Saturday, 18 October 2008


Yesterday was the first day of our annual October cidermaking week, an exhausting round of milling, washing and pressing which should ultimately lead to a ciderhouse full of busily bubbling fermenters. The day went reasonably smoothly, and progress was steady. Today has been a well-earned rest day.

The first fruit into the mill was a small batch of ripe perry pears harvested from the Worcestershire orchard we visited last weekend. We knew there were several old perry pear trees dotted throughout the orchard, including several of the highly regarded varieties Blakeney Red and Moorcroft (sometimes known as Malvern Hills), but with many Three Counties perry makers reporting very poor crops this year I wasn't expecting much from these ancient specimens. By commercial standards the crop was indeed pretty poor, but our more modest production levels made the meagre crop just about worth harvesting.

We came away with around three sacks of ripe pears from three or four different trees, and we appeared to have two distinct varieties. Pears of all types have a tendency to be at their optimum ripeness for only a few short days, quickly going from hard-as-nails to mushy-with-rot before they can be put to use. These pears were no exception, and it was crucial that we process them as soon as possible.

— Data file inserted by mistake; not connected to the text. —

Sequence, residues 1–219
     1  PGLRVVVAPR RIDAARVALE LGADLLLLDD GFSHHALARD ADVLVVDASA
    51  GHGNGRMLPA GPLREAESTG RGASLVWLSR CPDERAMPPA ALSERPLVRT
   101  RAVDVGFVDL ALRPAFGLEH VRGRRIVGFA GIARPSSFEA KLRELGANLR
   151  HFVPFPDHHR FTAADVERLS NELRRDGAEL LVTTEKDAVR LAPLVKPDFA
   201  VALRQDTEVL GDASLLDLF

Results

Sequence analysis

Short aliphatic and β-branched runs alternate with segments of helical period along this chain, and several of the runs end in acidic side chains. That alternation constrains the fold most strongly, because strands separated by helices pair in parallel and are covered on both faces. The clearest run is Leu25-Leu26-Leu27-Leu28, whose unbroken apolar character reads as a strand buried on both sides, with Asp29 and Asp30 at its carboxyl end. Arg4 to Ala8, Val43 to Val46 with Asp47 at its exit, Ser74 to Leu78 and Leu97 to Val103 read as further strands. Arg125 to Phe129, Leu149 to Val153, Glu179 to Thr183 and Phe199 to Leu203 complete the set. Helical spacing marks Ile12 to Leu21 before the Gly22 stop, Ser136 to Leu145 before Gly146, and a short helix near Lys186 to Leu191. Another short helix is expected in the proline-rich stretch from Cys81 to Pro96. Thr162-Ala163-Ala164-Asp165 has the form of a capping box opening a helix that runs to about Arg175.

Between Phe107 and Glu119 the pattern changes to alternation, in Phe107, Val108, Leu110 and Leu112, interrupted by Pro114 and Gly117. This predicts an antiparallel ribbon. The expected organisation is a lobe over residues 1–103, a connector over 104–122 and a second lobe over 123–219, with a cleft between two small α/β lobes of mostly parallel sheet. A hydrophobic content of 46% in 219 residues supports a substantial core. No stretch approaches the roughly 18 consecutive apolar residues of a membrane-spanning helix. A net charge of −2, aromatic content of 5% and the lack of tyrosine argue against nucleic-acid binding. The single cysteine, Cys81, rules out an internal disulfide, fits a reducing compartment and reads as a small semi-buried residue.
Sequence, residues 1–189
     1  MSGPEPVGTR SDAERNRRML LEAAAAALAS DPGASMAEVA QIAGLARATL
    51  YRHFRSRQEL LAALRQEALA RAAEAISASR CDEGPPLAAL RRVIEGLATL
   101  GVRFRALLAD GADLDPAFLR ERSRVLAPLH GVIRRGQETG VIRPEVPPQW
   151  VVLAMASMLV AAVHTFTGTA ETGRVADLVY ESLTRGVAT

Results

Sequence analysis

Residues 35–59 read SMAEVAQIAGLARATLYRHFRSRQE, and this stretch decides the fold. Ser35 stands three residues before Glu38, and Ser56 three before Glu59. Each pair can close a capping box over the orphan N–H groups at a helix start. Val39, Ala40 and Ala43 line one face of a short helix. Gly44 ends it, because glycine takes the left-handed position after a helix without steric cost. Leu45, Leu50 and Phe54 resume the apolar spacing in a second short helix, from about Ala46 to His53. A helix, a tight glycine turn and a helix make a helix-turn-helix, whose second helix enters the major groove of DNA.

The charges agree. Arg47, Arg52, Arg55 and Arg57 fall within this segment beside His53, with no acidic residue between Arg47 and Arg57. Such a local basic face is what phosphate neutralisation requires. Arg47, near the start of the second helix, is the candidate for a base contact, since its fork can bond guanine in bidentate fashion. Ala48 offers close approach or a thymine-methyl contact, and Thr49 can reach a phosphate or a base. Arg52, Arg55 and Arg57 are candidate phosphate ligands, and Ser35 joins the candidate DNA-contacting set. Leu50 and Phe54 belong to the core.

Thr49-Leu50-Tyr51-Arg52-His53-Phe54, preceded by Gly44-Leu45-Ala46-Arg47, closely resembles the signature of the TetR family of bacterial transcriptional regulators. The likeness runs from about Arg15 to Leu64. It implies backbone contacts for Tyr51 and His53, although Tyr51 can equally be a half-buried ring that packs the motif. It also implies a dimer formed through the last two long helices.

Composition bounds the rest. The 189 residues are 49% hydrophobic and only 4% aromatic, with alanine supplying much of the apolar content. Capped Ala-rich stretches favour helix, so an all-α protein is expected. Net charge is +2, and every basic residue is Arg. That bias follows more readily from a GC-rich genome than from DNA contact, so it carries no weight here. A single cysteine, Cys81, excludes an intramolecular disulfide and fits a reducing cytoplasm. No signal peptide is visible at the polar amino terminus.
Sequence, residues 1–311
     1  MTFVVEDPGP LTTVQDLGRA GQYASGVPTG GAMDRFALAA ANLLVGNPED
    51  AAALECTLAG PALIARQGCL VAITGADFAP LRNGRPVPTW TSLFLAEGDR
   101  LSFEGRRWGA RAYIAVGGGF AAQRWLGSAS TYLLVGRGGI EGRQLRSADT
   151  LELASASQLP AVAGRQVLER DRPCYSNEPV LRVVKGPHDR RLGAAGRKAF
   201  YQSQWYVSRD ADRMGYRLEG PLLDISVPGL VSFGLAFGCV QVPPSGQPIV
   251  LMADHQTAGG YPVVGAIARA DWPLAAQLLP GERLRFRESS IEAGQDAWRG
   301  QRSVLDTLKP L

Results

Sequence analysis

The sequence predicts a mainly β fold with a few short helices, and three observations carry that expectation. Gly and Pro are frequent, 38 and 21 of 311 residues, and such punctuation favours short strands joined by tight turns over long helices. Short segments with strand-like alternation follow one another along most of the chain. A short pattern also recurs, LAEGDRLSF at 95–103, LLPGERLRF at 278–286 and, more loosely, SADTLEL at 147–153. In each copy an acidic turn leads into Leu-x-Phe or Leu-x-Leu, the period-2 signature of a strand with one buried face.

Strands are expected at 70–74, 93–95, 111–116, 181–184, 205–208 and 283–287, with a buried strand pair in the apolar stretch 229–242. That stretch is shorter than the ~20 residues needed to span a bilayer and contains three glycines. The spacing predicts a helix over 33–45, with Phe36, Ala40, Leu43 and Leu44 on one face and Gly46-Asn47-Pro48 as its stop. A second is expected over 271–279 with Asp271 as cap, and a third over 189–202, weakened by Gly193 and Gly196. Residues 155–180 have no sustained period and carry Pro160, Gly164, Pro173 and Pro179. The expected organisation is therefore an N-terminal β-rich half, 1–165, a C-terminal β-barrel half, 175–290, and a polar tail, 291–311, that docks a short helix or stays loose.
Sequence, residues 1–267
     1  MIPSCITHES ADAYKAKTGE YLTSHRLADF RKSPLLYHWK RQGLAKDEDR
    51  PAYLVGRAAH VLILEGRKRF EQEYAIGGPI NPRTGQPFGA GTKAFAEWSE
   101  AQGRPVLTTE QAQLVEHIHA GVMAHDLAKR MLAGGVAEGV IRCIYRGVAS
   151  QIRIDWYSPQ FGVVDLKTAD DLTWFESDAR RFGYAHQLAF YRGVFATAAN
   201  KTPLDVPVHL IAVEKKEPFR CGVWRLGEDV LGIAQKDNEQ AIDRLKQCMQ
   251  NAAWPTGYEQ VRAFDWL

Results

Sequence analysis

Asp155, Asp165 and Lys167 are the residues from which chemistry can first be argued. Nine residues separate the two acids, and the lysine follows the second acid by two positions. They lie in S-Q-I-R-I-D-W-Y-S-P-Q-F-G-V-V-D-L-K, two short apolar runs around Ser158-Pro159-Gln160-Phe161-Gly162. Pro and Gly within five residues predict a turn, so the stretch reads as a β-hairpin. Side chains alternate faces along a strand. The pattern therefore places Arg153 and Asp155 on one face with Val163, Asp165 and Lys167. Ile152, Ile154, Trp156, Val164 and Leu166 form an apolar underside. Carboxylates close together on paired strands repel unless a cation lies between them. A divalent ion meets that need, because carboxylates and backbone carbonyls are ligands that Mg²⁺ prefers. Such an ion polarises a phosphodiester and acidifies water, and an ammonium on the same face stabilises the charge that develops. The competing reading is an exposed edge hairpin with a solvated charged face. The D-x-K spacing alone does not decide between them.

Most perry pears are high in tannin, but some are so mouth-puckeringly tannic that the resulting perry could be virtually undrinkable. Tannin levels in pears and apples can be reduced by a process called 'Maceration' which involves milling the pears then leaving the pulp to stand for several hours prior to pressing. We decided not to macerate these pears, Blakeney and Moorcroft don't fall into the 'massively tannic' category, and are regarded by some as relatively easy pears to make perry from. Welcome news!

After our experiences pressing dessert fruit in September I was sure these (by now rapidly over-ripening) pears would surely clog up the pressing cloths and make a right mess of the racks. I worried needlessly, these pears milled to a fine porridgy consistency, and pressed beautifully. We didn't manage to completely fill the press, but did manage to extract a similar amount of juice to that of a full pressing of apples. The spent pomace was very dry and we managed to almost fill one of the smaller 70 litre fermenters. All in all, we like pressing perry pears very much!

Prior to pressing these pears I spent a bit of time researching the process, and one thing which cropped up time and again was just how much of a lottery perry making can be. Following all the rules is sometimes not enough on its own, you may also need a little bit of luck. Even a well-made perry can turn vinegary or develop other faults at the drop of a hat, so as novice perry makers we're hoping for a little bit of good old fashioned beginners luck to hover over this particular fermenter.

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